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Home Brew Forums > Home Brewing Beer > Beginners Beer Brewing Forum > 5 gallon batch + 5 gallon primary fermenter = good
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Old 07-29-2008, 12:14 AM   #1
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Default 5 gallon batch + 5 gallon primary fermenter = good

I have a whole 2 batches under my belt so throw back a pound of salt with this. I brewed two extract beers, a nut-brown, and an amber. The hops are different, the amber did not use specialty grains -- same yeast, same hops. The amber (my second brew) is much better. Its crisp and very refreshing. I followed Papazian's advice and used a 5 gallon primary for the amber with a blow-off tube.

It could have been a lot of things that made the second batch better (better technique, personal taste, yada yada) but I really think it was the so-called "extraction of fusel oils from the primary".


I guess I could drink a ton of both on separate nights and see which hang-over is worse but it seemed easier to enquire here. I mentioned this in another thread and folks were calling shenanigans. So does anyone have experience with this? Has anyone done a 10 gallon batch with 5/5 to compare with a control?

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Old 07-29-2008, 04:10 AM   #2
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I'm having a real hard time understanding exactly what you are trying to ask. Are you asking us why your second batch was better than your first?

How are we to know, you really didn't tell much pertinent info.

In any event, no one on here could really tell you why your two batches are different, unless you detailed specific techniques that you differed between the two batches. Otherwise, how could we know?

The recipe alone doesn't really tell you anything about how a beer is going to turn out. Proper sanitation, yeast handling and temperature control are what is really gonna affect your end product. I don't think that the difference between a 5 gallon fermenter with a blow off and what ever you used for the first batch, is really going to affect your beer's taste. As for "extraction of fusel oils," is that supposed to mean that you fermented batch 1 hot? Because that could certainly give you some problems with fusels, in which case you need to control your ferment temp better. But if you didn't have that problem with batch 2, then you likely corrected the problem.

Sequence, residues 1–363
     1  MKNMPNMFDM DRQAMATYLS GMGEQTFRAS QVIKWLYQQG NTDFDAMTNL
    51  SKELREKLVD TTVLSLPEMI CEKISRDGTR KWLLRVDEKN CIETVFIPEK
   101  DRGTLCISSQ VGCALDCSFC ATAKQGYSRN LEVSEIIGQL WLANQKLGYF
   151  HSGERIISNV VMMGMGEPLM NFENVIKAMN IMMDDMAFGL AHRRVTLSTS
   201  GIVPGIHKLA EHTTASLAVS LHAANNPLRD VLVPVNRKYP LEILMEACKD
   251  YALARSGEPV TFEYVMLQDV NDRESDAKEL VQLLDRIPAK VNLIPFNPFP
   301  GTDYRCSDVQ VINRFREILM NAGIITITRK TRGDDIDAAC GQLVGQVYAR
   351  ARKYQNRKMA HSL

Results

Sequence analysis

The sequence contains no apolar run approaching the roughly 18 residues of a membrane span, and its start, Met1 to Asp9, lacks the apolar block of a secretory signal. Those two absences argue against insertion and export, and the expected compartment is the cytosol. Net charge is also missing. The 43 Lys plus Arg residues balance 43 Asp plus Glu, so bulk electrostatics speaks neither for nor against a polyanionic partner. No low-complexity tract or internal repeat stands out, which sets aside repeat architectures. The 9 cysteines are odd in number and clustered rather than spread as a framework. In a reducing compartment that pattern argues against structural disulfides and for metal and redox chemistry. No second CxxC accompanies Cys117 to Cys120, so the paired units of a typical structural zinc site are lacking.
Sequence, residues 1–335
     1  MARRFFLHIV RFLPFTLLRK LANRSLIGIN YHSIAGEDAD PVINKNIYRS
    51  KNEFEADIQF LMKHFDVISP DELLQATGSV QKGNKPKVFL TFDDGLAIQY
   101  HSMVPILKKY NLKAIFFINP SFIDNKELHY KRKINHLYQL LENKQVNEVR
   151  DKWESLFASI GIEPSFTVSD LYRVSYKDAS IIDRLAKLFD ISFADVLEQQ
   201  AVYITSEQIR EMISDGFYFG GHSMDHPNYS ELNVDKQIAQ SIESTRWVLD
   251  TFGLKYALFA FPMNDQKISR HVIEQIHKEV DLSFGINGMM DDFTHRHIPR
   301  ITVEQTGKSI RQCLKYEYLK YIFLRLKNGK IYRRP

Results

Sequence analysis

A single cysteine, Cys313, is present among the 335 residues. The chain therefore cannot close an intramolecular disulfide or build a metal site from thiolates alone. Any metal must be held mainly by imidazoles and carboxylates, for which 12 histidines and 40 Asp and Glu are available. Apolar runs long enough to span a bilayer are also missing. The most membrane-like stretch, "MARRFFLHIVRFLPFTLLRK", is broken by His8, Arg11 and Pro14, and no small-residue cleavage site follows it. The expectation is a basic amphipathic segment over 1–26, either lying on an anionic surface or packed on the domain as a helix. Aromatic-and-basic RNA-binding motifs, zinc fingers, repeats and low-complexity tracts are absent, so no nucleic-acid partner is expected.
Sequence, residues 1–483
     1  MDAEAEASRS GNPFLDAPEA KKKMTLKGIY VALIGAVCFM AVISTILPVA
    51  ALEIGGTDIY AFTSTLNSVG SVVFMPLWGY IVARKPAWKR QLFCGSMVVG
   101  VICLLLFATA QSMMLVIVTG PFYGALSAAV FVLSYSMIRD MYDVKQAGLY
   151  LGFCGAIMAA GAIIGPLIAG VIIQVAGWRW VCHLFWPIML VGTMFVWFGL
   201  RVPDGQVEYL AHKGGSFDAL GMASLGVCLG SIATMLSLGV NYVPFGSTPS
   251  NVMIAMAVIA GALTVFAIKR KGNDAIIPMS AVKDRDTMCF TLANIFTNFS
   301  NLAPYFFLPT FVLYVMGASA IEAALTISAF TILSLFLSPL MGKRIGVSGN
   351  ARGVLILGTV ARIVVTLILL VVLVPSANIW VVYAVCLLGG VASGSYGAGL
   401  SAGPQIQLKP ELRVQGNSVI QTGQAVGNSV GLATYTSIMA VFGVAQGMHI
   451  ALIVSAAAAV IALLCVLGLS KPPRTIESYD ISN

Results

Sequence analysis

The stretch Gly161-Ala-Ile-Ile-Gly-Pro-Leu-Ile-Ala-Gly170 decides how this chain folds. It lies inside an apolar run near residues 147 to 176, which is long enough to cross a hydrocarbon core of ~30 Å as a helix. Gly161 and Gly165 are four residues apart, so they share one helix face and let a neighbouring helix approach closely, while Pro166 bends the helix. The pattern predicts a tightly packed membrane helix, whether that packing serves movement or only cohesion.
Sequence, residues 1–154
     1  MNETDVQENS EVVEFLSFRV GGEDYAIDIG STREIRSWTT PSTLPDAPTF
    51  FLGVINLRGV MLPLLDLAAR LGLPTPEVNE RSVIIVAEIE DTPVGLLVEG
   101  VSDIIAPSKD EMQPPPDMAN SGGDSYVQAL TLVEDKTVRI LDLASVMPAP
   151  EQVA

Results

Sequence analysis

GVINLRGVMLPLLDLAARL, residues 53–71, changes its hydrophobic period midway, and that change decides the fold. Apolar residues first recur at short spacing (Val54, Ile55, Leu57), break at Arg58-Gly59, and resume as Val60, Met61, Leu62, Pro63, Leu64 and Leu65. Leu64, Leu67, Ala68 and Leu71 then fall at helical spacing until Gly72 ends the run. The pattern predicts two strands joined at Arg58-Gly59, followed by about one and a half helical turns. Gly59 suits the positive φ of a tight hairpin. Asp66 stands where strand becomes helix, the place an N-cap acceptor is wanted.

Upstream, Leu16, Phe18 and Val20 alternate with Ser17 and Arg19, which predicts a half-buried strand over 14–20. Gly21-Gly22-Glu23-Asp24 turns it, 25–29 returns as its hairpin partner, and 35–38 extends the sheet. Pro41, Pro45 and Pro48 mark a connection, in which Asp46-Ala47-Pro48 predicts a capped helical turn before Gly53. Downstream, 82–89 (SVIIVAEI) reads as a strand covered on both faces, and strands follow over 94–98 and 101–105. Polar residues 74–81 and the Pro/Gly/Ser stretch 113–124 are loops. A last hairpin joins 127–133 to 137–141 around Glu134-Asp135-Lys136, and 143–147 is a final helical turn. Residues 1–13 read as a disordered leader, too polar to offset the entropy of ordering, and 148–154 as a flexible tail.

So if you have a specific question about a technique, then maybe someone here can provide some help, but otherwise, I would just chalk it up to your two batches being two different batches with different recipes, and you had much more experience for the second than you did your first. Because I think the first batch is a big hurdle to becoming a good brewer. Now you need to start batch 3.

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Old 07-29-2008, 04:15 AM   #3
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IMO the 5 gallon blow-off method is simply a waste of yeast. all those supposedly bad braun hefe and whatnot will all settle out with time anyway. the only way to really tell would be to do two of the same batch side by side with the different methods...see what works best for you.

glad it came out good, tho!

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Old 07-29-2008, 01:11 PM   #4
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I thought I posted this in the general techniques section. I am not sure how it ended up here.